Here we go again. The most wonderful time of the quarter. Apple (NASDAQ:AAPL) is about to release its fiscal fourth quarter earnings report. The tech giant will report on Monday, October 28th, after the bell, and the world will be watching. As customary, this will be my official earnings preview article for Apple. I'll break down the numbers to watch along with my own predictions. This quarter, it all comes down to the iPhone.
A review of past results:
Before I get into the current quarter, it's always good to look back at past results. The table below shows fiscal Q4 in the last two years, with last year's Q4 period in yellow. I also included this fiscal year's Q3, so you can get an idea of how things are sequentially.
When it comes to Q4, here is the guidance that Apple provided when the company reported Q3 results back in July:
- Revenues between $34 billion and $37 billion.
- Gross margin between 36% and 37%.
- Operating expenses between $3.9 billion and $3.95 billion.
- Other income of $200 million.
- Tax rate of 26.5%
In late September, Apple updated its guidance when the company reported its big opening weekend for the iPhone. Apple stated that both revenues and gross margins would be at the high end of the ranges that were provided originally.
This isn't going to be a tremendous quarter for Apple, but it should be a better one than the past few have been. Apple did launch the new iPhone 5S and 5C late in the quarter, which certainly will boost revenues for that product line and the overall business. However, since they did not refresh the iPad in March, unit sales of the tablet have fallen off, and were down double digits percentage wise in Q3. Apple will need a strong iPhone sales number to beat estimates, as iPad revenues will certainly be lower. Additionally, this should be the last quarter where the new accessories category comes into play, meaning some of Apple's prior year period numbers will look a little different. I covered this change a while back, and while it is not a major issue, it might force you to re-analyze some of the numbers. Now let's get into the heart of the Q4 discussion, and I'll first start by breaking down the individual product lines.
Apple's flagship brand will be in heavy focus this quarter, obviously given the release of the new 5S/5C line. Revenues generated from the iPhone are expected to be more than 50% of Apple's total this quarter. While that may not be a surprise, the actual percentage should be higher than Q3's percentage. That will help margins, and Apple obviously referenced that with the updated guidance. The new phones look great, and the power of the 64-bit A7 chip should not be underestimated. Apple stated that it sold nine million phones during the opening weekend, although questions remained as to how much of that was channel fill.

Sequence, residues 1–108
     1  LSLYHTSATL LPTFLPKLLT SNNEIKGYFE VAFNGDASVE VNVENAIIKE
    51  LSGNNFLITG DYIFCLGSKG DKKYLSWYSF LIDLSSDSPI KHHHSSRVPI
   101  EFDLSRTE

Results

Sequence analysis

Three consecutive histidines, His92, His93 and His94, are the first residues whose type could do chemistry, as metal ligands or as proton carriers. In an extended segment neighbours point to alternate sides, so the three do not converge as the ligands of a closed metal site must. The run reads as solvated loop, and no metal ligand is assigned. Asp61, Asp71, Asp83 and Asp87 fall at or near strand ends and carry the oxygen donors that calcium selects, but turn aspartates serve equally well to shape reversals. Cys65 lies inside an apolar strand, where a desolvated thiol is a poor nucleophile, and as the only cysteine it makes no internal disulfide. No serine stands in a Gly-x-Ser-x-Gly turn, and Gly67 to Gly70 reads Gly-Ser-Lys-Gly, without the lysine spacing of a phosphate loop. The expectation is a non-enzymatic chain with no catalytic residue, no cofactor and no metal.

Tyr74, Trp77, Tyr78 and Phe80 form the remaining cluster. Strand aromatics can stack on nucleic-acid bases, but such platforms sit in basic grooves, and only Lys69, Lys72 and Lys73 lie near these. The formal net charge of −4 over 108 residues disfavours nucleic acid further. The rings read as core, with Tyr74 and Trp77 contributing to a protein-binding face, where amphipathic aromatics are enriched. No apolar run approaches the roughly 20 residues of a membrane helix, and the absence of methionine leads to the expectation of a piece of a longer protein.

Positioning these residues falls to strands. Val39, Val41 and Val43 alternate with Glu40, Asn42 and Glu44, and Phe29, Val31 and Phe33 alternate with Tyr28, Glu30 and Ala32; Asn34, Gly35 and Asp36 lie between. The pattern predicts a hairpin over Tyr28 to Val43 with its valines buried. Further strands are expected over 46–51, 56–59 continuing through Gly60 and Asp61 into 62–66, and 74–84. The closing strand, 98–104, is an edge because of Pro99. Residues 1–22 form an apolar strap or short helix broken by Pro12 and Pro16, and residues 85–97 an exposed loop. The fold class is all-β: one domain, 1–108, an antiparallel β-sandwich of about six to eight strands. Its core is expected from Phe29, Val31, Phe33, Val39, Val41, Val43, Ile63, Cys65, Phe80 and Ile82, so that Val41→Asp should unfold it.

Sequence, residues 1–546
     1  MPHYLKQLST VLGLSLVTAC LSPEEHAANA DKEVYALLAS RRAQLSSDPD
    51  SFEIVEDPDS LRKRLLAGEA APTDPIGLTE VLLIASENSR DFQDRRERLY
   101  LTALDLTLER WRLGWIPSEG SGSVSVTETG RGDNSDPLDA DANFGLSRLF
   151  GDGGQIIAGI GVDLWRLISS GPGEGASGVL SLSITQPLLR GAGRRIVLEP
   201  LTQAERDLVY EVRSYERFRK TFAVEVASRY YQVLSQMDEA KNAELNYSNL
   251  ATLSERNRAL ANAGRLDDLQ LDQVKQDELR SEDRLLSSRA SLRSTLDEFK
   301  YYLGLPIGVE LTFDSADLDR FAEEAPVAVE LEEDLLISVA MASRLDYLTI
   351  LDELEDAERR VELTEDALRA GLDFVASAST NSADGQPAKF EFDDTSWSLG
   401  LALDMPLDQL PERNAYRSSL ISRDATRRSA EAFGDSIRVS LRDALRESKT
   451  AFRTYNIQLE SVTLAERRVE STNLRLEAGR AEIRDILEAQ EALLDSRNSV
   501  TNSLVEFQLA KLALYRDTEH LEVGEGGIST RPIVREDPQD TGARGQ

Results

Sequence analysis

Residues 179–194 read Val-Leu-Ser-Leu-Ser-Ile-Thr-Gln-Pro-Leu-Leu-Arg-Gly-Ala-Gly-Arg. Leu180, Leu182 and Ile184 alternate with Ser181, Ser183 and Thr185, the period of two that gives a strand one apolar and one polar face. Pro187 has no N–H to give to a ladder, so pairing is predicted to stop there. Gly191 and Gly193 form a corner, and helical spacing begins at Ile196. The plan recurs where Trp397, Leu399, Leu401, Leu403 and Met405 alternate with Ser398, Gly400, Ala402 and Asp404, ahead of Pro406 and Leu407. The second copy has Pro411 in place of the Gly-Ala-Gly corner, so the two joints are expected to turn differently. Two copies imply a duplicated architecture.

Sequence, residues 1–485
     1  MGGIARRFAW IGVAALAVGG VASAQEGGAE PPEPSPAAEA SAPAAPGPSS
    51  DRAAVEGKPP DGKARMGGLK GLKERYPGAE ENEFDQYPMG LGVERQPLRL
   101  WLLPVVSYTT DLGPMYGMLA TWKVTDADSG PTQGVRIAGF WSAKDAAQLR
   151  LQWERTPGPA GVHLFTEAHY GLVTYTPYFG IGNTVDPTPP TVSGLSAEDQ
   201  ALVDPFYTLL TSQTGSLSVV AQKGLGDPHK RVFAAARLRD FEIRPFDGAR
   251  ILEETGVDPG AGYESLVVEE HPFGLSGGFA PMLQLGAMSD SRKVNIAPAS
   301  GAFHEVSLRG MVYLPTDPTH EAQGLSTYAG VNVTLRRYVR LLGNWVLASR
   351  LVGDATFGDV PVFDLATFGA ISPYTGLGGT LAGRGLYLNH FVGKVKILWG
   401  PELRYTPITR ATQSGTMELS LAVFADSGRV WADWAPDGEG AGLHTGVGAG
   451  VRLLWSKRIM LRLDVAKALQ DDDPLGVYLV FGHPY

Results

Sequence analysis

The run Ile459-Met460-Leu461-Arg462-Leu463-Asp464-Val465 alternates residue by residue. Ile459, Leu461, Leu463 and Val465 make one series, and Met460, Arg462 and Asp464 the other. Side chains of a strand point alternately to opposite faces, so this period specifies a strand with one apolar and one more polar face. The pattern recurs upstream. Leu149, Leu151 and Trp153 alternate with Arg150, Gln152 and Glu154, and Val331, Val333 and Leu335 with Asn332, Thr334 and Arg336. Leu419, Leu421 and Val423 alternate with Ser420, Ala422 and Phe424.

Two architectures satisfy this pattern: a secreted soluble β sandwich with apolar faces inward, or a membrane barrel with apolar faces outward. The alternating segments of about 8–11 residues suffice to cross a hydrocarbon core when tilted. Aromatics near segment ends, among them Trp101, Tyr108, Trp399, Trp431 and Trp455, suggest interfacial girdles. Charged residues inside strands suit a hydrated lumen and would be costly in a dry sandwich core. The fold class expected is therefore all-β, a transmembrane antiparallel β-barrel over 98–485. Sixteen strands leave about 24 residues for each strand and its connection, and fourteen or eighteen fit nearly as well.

Well, on Monday, we will soon find out. Apple sold just under 27 million iPhones in fiscal Q4 last year, and that included the release of the iPhone 5. So there is that hurdle to clear. The addition of the 5C should certainly help, along with a major carrier addition in Japan's DoCoMo (NYSE:DCM). Don't forget that China got the phones right away, as opposed to the usual multi-week or month wait. That will help sales tremendously. For the quarter, I am estimating 34.42 million iPhone sales, with an ASP of $575. That represents about a 7.5 million unit increase, or 27.9%. My ASP of $575 is down about $6 from Q3 levels. I do think sales of the 5C will hurt average selling prices, which could be offset by sales of the 5S. Don't forget that the new phones were on sale for less than two weeks in the quarter. A large chunk of the iPhone sales this quarter will be either the original 5, or older models, where Apple's pricing power is not as strong. I'd expect a dip in ASP during Q4, but would not be surprised to see a Q1 jump.